October 26, 2002

Commentary from a new user: Linux is an experience, not an operating system

Author: JT Smith

-By George Abraham -
Linux to me signifies many a thing, including my experience with Linux itself, Open
Source, the Linux Community, etc. Ask almost anyone why Linux works for them, and
the sure answer you can expect is: Linux is free. Can the success of
Linux only be attributed to this?

I was introduced into the world of
Linux, because it was free, and also because of my frustrations with my
earlier operating system. As I worked in Linux, read articles, the word "free"
took on a far greater meaning. As the advocates of the Open Source and Free Software movements put it, free means freedom. Yes, as a humble user of Linux, I am
experiencing freedom and pride in using a world-class operating system.

Linux is not only an operating system. It embodies a myriad
of concepts about how the world of computers and software should be.
This is an operating system designed by the world, meant for the world.
Everyone who is interested in Linux, can develop, share and use it.
People can contribute their best in programming, documenting or in any
aspect of their choice. What a novel concept!

Free in Linux spells freedom -- freedom to use Linux, freedom to use the
code, freedom to tweak and improve it. Not being a programmer,
I still can be happy about many things. For me, freedom has meant that my
operating system is transparent, and there are no hidden codes at work
in my computer. Nothing about Linux is hidden from me. I can get
documentation on any aspect of Linux. I am assured by the Linux programmers
worldwide, who are involved in scrutinizing the system, questioning its
various aspects and ever improving the existing codes. This is no
certificate, but someone who goes through the various sites and other
Linux resources gets this assurance.

All the above stated are made a reality by the GNU General Public
License. It is a worthwhile effort to read through the GPL, how it ensures
that software developed by the community remains free now, and in time
to come. It is a must read for users of Linux, who should be knowing
about the roots of Linux and why you and I are able to use Linux with
freedom.

It is said that too many cooks spoil the broth. But with Linux, the
opposite has happened. All the people programming in Linux
have made an excellent operating system. The different people, their
different ways of thinking, and their diversity has positively influenced
Linux. It's evident in the variety of tools Linux gives to the user. It's as
if "someone somewhere has thought about it." People use the system
and give feedback to the developers when they find an anomaly.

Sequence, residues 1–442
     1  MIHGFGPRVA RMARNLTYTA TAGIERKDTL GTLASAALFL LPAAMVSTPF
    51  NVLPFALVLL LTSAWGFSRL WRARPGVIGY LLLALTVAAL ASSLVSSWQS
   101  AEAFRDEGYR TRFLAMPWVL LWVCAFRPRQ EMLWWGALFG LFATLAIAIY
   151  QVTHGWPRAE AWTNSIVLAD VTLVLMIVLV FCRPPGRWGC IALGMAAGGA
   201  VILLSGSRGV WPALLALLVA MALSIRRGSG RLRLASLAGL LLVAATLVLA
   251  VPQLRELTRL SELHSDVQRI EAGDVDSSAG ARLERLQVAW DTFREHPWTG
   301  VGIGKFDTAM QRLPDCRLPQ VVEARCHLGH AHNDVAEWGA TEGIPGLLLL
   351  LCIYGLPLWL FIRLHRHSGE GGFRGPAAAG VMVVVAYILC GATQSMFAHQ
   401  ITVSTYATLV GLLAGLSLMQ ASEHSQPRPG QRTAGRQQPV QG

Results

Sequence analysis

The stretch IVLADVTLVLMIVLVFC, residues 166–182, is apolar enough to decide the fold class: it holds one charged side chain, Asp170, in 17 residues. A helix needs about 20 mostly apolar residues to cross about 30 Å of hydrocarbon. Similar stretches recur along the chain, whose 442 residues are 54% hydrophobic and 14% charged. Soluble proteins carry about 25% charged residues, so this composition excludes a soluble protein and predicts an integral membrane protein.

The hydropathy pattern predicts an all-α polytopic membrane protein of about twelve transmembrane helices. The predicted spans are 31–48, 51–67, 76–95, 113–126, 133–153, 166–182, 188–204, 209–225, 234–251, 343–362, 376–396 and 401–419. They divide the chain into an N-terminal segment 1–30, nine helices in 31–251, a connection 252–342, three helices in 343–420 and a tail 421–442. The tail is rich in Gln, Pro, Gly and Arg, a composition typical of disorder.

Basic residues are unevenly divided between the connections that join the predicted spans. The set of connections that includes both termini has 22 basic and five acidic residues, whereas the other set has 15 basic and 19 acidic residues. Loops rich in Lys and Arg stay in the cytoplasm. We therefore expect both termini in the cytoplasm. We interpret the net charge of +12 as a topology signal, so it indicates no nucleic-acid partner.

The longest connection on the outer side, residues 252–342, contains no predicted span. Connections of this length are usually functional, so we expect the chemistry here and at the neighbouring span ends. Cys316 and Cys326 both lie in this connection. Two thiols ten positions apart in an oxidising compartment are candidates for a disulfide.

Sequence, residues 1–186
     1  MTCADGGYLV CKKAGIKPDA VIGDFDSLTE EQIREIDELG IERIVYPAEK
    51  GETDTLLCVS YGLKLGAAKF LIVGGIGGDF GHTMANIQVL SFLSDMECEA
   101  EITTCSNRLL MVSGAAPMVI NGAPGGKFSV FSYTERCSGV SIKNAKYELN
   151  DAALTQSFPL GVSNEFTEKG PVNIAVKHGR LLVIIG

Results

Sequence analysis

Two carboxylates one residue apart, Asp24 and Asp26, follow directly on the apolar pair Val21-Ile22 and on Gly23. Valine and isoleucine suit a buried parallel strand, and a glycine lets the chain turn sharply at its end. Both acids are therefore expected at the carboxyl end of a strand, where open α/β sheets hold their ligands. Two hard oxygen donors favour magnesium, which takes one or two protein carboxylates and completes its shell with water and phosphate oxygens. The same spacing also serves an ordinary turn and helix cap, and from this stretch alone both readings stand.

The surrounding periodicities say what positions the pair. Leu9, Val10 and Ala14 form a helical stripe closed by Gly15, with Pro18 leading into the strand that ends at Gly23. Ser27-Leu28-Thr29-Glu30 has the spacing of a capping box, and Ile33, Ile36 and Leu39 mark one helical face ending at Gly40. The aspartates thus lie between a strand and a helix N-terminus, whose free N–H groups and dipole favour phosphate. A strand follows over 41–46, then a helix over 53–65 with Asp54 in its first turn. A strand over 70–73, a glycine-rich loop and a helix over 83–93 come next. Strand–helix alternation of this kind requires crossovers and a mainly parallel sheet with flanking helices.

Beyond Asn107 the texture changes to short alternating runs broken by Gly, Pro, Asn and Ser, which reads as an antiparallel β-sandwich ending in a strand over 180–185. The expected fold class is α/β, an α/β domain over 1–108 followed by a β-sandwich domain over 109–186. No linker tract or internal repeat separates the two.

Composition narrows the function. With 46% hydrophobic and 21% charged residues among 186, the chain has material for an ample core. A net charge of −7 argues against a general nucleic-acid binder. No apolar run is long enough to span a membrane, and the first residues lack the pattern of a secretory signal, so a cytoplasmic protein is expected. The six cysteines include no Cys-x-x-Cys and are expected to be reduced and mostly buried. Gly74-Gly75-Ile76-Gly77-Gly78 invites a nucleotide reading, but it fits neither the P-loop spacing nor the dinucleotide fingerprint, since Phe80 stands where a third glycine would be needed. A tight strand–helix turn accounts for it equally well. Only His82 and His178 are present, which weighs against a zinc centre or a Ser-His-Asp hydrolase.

The beauty of it is that this process is taking place worldwide. Is there a
better testing and feedback program to beat this?

I've been using Linux only for a
few months. I've been so motivated by using this operating system that
I chose to write this article. I wanted to share the happiness and
satisfaction I get in using Linux. With Linux, I've entered into a
relationship with my computer. I can "programme" my computer to do whatever I
want it to do for me. I've gained more control over my computer for the
first time in my life. It obeys me without fail.

People stay away from
Linux thinking that it's difficult to use it and controlled by cryptic
files. The problem is not with Linux, but in ourselves. We have been
so thoroughly programmed by the other operating system that we approach Linux in a
similar fashion. All we need is a change of thought and an open mind
when we approach Linux. At the same time, one can use a Linux machine
without opening a single configuration file and tweaking it. The latest
graphical environments available are just as functional if not more than
other systems. One can use a Linux machine and go about it by using
only a mouse.

I love Linux as well as the spirit of Linux. The mentality of people
behind Linux is really admirable. They've given the world a treasure, and
these people have made sure that this treasure remains forever as a
property for all. No one can say Linux is theirs. Linux is ours, and it's
here to stay.

"Commentary" articles are contributed by Linux.com and NewsForge.com readers. The opinions they contain are strictly those held by their authors, and may not be the same as those held by OSDN management. We welcome "Commentary" contributions from anyone who deals with Linux and Open Source at any level, whether as a corporate officer; as a programmer or sysadmin; or as a home/office desktop user. If you would like to write one, please email editors@newsforge.com with "Commentary" in the subject line.

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